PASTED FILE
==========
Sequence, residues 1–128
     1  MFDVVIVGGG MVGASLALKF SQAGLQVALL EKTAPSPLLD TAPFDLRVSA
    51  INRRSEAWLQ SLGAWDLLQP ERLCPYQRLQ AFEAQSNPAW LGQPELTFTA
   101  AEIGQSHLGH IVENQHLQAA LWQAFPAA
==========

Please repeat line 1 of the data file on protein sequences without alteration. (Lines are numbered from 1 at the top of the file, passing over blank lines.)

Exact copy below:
Sequence, residues 1–128